3. Slowly lower the dumbbell back down.
  4. Repeat as needed, then switch sides and repeat the set.
Man performing dumbbell one-arm rows

Bent-Over Barbell Row

Why do it: Dumbbells may offer plenty of upside over barbells, specifically in the recruitment of stabilizing muscles and increased range of motion; however, barbells make up for that by letting you really ramp up how much weight you’re lifting, allowing you to test your limits.

How to do it:

  1. Load your barbell to the desired weight and place it on the floor.
  2. Standing with your feet shoulder-width apart, hinge forward and bend your knees to reach down and grip the bar using an overhand grip.
  3. Extend your knees, bringing the bar to the midpoint between your waist and knees. Keep your torso angled at approximately 45-degrees.
  4. Retract your scapulae (shoulder blades), brace your core, and pull the bar into your sternum using your lats.
  5. Squeeze the contraction, then slowly bring the bar back down to the starting position.
  6. Repeat for reps.

RELATED: Best Bent-Over Row Alternatives

barbell row gif

Meadows Row

Why do it: Named after renowned bodybuilding coach John Meadows, this unilateral movement allows you to focus on one side of the back at a time using the underutilized and highly-effective landmine attachment.

How to do it:

  1. Secure your barbell into the landmine base.
  2. Stand with the bar to your side and grip the end of the sleeve.
  3. Hinge forward, as you would for other dumbbell row variations, and row the bar into the body using your back muscles.
  4. Squeeze the contraction, then slowly lower it back down.
  5. Repeat for reps.

RELATED: Best Landmine Exercises

Meadows Row

Seal Row

Why do it: The chest-supported dumbbell row gives you a leg up (figuratively speaking), but the seal row gives you a literal leg up by positioning you prone on a weight bench. Taking your legs totally out of the equation lets you isolate the back better than virtually all other dumbbell row variations (which is why we included it on our list of the best exercises for upper back).

How to do it:

  1. Lie prone (face down) on a weight bench holding a barbell or two dumbbells below you.
  2. Row the weights into your body until your elbows form 90-degree angles.
  3. Pause, squeeze your back muscles, then slowly bring the weights back down.
  4. Repeat for reps.

Bent-Over Dumbbell Row: FAQs

What muscles do dumbbell rows work? 

The dumbbell row works muscles throughout your back, including the latissimus dorsi, trapezius, and rhomboids, as well as the posterior deltoids in the shoulders, the biceps brachii, lower body muscles like your glutes and hamstrings, and core muscles like the rectus abdominis, transverse abdominis, and obliques.

RELATED: Guide To Compound Exercises

How heavy should you go on dumbbell rows?

If you’re unsure of the amount of weight you should be rowing, it’s best to start lighter and work your way up.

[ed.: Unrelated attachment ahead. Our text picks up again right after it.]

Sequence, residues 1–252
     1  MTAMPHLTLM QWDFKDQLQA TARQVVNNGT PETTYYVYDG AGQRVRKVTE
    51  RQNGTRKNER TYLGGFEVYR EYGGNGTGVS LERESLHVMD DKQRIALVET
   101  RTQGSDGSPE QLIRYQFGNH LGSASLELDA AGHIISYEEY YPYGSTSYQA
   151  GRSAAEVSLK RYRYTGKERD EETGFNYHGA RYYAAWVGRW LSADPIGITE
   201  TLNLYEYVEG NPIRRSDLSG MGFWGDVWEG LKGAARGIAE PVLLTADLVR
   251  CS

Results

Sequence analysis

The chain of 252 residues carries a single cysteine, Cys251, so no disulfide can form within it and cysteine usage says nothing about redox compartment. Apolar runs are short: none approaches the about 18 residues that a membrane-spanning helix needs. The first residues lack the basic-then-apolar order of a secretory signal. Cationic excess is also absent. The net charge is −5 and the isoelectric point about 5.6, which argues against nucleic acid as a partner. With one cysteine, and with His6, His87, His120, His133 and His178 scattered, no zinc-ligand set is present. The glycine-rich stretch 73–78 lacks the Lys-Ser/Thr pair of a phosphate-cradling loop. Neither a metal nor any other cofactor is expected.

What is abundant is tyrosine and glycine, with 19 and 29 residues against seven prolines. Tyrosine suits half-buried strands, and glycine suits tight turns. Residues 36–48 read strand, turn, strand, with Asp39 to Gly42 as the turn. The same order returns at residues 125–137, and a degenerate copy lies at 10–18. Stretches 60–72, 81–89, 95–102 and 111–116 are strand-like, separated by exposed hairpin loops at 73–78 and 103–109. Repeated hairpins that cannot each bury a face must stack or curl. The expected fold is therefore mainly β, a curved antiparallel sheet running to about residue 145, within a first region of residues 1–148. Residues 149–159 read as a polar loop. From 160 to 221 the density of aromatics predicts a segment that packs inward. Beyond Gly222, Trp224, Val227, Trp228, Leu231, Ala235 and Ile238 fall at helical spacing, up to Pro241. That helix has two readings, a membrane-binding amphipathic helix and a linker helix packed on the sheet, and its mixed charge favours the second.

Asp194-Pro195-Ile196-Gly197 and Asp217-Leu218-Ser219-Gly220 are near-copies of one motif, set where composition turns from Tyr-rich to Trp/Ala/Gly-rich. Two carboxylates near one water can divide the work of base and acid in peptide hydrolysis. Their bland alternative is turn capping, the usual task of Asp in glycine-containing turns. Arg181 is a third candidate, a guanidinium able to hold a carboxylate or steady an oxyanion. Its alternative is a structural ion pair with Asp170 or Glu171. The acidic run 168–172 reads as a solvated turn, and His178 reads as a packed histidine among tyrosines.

“Regardless of what your personal goals are, you should aim for a weight you can comfortably move throughout the set until you reach your last few reps,” says Caine Wilkes, OLY, USAW-L1, and GGR senior staff writer. “Those last few reps should be hard-earned if you want to reap the most reward from your hard work.”

You can also reference our programming suggestions for different fitness goals:

To build strength: Perform 2-6 sets of 1-5 reps using heavy dumbbells
To build muscle: Perform 3-6 sets of 6-12 reps using moderate dumbbells
To build endurance: Do 2-3 sets of 12-20 reps using light dumbbells

Consulting an in-person or online personal trainer is another excellent option for training questions. 

Do dumbbell rows build a wide back?

Most back exercises will contribute to wider, thicker muscles in the back, but dumbbell rows are especially effective thanks to the extra muscle activation dumbbells can give you. The best back-building scenario is a mix of both barbell and dumbbell rows. 

Are rows better than pull-ups?

There’s no reason to play favorites; both the dumbbell row and pull-ups are considered highly-effective exercises for building strength and muscle in the back.

RELATED: What Muscles Do Pull-Ups Work?

That said, pull-ups are widely-regarded as one of the greatest exercises of all time for achieving a variety of fitness goals, so it’s hard to rank any exercise above them. All things considered, both exercises should be in your regular rotation.


  1. Michaud F, Pérez Soto M, Lugrís U, Cuadrado J. Lower Back Injury Prevention and Sensitization of Hip Hinge with Neutral Spine Using Wearable Sensors during Lifting Exercises. Sensors (Basel). 2021;21(16):5487. Published 2021 Aug 14. doi:10.3390/s21165487
  2. Calatayud J, Vinstrup J, Jakobsen MD, et al. Importance of mind-muscle connection during progressive resistance training. Eur J Appl Physiol. 2016;116(3):527-533. doi:10.1007/s00421-015-3305-7
  3. Saeterbakken A, Andersen V, Brudeseth A, Lund H, Fimland MS. The Effect of Performing Bi- and Unilateral Row Exercises on Core Muscle Activation. Int J Sports Med. 2015;36(11):900-905. doi:10.1055/s-0034-1398646
  4. Gentil P, Oliveira E, de Araújo Rocha Júnior V, do Carmo J, Bottaro M. Effects of exercise order on upper-body muscle activation and exercise performance. J Strength Cond Res. 2007;21(4):1082-1086. doi:10.1519/R-21216.1
  5. Sato S, Yoshida R, Murakoshi F, et al. Comparison between concentric-only, eccentric-only, and concentric-eccentric resistance training of the elbow flexors for their effects on muscle strength and hypertrophy. Eur J Appl Physiol. 2022;122(12):2607-2614. doi:10.1007/s00421-022-05035-w